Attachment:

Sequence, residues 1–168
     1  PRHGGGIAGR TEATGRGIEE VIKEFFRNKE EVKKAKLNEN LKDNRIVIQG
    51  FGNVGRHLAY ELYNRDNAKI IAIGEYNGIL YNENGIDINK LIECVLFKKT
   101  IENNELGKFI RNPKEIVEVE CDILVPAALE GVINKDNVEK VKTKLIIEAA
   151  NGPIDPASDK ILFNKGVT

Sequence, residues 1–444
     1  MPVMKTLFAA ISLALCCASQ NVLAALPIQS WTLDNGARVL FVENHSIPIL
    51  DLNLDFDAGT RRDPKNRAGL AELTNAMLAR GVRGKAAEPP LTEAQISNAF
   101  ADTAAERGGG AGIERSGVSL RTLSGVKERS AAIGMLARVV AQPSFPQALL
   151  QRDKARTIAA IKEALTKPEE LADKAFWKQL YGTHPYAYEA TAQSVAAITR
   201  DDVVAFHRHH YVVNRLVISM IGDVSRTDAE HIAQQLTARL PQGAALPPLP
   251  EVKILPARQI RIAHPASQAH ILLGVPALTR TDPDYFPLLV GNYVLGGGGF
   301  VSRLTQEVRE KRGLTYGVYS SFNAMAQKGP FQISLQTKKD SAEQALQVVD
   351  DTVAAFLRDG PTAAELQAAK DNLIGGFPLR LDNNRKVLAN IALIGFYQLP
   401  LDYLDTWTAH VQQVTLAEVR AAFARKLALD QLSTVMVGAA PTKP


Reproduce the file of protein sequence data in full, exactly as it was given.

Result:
Sequence, residues 1–168
     1  PRHGGGIAGR TEATGRGIEE VIKEFFRNKE EVKKAKLNEN LKDNRIVIQG
    51  FGNVGRHLAY ELYNRDNAKI IAIGEYNGIL YNENGIDINK LIECVLFKKT
   101  IENNELGKFI RNPKEIVEVE CDILVPAALE GVINKDNVEK VKTKLIIEAA
   151  NGPIDPASDK ILFNKGVT

Sequence, residues 1–444
     1  MPVMKTLFAA ISLALCCASQ NVLAALPIQS WTLDNGARVL FVENHSIPIL
    51  DLNLDFDAGT RRDPKNRAGL AELTNAMLAR GVRGKAAEPP LTEAQISNAF
   101  ADTAAERGGG AGIERSGVSL RTLSGVKERS AAIGMLARVV AQPSFPQALL
   151  QRDKARTIAA IKEALTKPEE LADKAFWKQL YGTHPYAYEA TAQSVAAITR
   201  DDVVAFHRHH YVVNRLVISM IGDVSRTDAE HIAQQLTARL PQGAALPPLP
   251  EVKILPARQI RIAHPASQAH ILLGVPALTR TDPDYFPLLV GNYVLGGGGF
   301  VSRLTQEVRE KRGLTYGVYS SFNAMAQKGP FQISLQTKKD SAEQALQVVD
   351  DTVAAFLRDG PTAAELQAAK DNLIGGFPLR LDNNRKVLAN IALIGFYQLP
   401  LDYLDTWTAH VQQVTLAEVR AAFARKLALD QLSTVMVGAA PTKP